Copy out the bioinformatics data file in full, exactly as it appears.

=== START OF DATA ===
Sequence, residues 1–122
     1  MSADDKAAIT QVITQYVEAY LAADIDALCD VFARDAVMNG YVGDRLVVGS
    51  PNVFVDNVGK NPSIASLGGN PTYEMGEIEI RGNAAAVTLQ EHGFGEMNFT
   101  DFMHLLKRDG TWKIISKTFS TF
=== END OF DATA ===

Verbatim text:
Sequence, residues 1–122
     1  MSADDKAAIT QVITQYVEAY LAADIDALCD VFARDAVMNG YVGDRLVVGS
    51  PNVFVDNVGK NPSIASLGGN PTYEMGEIEI RGNAAAVTLQ EHGFGEMNFT
   101  DFMHLLKRDG TWKIISKTFS TF